30 September 2006

Marching the Portland, Maine Marathon

The 15th annual Eastern Region Marathon Championship will take place tomorrow, October 1, 2006, in Portland, Maine. This is a marathon that has taken place every year for the past 15 and runners from all over the area have been training for the 26.2 mile run.

However, this year the marathon will have more than 120 participants who are not running to win the race or to beat their own time. This year, a group of soldiers from the Maine National Guard will march the 26.2 miles in full uniform - combat boots and fatigues - each with a 30-pound pack on his back. They are marching to honor their comrades who lost their lives in the line of duty. Many of the soldiers have spent their own time in Iraq or Afghanistan, but others have yet to be deployed.

Many of the soldiers will march the marathon in relay stages, but 23 plan to march the entire course. Some have trained by alternatively running and marching, while others are going into the march completely cold. Read more about the soldiers at Portland Press Herald - Marathoners.

If you would like to run or walk alongside these brave, honorable soldiers, the race is still accepting participants. Entry fees are $50.00 for the marathon and $35.00 for the half marathon. The starting line is at Baxter Boulevard, between Forest Avenue and Preble Street in Portland. Registration goes until 6 p.m. today and starts at 5:30 a.m. tomorrow, at the University of Southern Maine Gym on 96 Falmouth Street. For a course map of either the marathon or half marathon, CLICK HERE.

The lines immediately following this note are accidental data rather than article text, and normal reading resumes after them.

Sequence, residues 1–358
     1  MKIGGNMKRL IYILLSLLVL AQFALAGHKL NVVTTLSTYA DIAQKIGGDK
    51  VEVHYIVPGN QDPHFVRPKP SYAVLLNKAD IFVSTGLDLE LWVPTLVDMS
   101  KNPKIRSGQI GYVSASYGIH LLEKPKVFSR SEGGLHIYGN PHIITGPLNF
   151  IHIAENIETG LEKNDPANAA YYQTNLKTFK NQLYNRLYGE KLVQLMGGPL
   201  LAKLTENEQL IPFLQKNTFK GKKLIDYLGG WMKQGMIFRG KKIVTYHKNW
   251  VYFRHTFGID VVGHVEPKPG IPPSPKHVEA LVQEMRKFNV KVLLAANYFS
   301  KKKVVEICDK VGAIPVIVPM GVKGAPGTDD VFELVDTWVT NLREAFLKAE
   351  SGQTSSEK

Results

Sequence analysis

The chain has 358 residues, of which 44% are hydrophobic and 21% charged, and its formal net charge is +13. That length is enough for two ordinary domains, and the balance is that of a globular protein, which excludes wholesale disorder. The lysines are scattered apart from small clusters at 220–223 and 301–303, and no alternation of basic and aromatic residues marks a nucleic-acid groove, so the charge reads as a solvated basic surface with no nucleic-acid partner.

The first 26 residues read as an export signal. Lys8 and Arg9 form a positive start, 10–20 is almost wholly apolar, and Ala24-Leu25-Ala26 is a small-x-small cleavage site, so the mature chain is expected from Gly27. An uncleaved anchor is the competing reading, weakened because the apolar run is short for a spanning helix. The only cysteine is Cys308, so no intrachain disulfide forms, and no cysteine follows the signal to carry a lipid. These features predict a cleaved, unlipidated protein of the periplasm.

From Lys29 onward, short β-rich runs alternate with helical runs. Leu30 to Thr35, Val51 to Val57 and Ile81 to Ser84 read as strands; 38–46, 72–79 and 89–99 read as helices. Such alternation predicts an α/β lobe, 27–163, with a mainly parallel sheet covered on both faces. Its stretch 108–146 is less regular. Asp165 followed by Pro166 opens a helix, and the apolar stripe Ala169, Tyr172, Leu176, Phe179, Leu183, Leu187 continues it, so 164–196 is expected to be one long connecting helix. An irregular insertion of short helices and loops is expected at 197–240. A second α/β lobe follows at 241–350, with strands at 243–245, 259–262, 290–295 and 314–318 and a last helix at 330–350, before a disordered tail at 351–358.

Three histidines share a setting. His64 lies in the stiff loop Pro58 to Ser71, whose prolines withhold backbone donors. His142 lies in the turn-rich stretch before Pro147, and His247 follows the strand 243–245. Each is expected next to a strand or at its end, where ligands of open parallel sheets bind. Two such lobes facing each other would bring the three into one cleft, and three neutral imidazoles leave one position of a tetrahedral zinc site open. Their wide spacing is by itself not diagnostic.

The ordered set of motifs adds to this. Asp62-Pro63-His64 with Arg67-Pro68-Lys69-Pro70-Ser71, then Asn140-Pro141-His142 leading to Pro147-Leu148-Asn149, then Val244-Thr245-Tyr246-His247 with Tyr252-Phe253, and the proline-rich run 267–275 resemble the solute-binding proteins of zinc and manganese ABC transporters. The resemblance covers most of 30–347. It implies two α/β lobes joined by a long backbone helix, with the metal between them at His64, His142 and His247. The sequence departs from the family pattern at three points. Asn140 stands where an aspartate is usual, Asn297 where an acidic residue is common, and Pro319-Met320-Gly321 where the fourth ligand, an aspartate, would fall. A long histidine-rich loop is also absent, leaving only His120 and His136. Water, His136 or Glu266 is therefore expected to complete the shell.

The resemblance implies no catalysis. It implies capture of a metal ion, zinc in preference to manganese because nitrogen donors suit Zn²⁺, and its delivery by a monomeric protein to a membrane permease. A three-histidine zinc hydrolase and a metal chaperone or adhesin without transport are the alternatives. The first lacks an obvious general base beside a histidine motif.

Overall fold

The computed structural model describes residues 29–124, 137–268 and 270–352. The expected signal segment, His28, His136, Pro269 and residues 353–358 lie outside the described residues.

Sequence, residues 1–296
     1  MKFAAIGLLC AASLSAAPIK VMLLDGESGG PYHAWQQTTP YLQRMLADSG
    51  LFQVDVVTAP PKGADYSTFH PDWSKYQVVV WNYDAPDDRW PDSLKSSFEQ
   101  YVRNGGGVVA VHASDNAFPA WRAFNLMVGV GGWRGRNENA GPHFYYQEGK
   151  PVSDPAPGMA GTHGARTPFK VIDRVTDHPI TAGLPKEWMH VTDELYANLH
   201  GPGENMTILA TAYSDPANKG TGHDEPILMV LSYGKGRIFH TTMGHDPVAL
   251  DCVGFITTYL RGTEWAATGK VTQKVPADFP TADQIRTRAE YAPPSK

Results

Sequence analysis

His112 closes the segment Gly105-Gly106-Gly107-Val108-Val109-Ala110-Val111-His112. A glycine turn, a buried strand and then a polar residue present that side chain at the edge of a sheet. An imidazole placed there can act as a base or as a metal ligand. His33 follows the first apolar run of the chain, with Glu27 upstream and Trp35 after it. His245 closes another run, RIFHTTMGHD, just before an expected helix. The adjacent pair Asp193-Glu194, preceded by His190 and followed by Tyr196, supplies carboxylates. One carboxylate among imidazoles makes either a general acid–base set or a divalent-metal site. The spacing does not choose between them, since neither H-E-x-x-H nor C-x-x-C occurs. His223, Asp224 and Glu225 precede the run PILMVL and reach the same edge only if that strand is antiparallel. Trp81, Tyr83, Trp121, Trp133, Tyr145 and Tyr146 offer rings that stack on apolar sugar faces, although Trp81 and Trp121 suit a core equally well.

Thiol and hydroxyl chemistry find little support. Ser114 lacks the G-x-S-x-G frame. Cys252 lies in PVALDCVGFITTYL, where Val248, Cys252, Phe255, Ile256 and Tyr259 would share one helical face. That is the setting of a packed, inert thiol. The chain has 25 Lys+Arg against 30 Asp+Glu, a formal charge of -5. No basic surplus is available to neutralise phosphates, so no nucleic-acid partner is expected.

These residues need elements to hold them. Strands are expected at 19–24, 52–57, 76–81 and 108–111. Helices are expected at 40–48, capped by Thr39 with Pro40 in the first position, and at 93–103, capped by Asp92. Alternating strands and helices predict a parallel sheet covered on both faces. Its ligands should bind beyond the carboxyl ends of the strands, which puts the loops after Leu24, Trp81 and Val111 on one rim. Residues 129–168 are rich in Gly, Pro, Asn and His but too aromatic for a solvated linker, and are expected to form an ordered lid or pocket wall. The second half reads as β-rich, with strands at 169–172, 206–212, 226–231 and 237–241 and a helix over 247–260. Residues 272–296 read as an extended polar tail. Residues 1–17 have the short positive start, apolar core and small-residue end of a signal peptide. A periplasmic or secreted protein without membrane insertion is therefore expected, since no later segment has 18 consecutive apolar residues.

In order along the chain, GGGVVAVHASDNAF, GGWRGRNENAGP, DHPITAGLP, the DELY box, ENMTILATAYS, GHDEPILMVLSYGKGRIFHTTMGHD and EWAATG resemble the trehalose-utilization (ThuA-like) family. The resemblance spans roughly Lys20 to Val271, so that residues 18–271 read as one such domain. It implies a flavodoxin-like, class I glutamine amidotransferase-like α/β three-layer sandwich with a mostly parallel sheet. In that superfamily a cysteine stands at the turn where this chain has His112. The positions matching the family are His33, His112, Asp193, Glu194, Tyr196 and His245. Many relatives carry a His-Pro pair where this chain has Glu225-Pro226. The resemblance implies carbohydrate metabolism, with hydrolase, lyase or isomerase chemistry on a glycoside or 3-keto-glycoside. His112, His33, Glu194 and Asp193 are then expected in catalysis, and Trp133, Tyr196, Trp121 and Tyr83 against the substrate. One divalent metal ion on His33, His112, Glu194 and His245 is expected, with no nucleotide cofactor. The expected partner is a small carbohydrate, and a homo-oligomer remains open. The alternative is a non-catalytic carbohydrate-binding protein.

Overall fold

The spectator-friendly course starts and finishes along the Back Cove. The first and last four miles are mostly flat. All three races are together for the first six miles before the half marathon heads back to Portland. In between, runners enjoy Mackworth Point in Falmouth (just north of Mackworth Island), a short detour off Route 1. The course then returns to Route 1 and turns onto Route 88, where runners pass many stately homes.

The half marathon course includes rolling hills between Miles 4 and 8. After that it is mostly flat on its return to Portland, again crossing the very scenic Martin's Point Bridge area. The marathon and relay continue along Route 88 to Yarmouth for a 2.5-mile loop around a rural neighborhood before rejoining Route 88 for the return trip to Portland. The marathon course features a mixture of rolling hills and flat sections between Miles 4 and 17, and is mostly flat or downhill for the final nine miles. There is a limit of 2,500 runners for the marathon and half marathon combined.

If you aren't up for the run, consider coming out to cheer on the members of our military who are honoring their own. Isn't it the least we can do?

Copyright © 2006 - Paulla Estes

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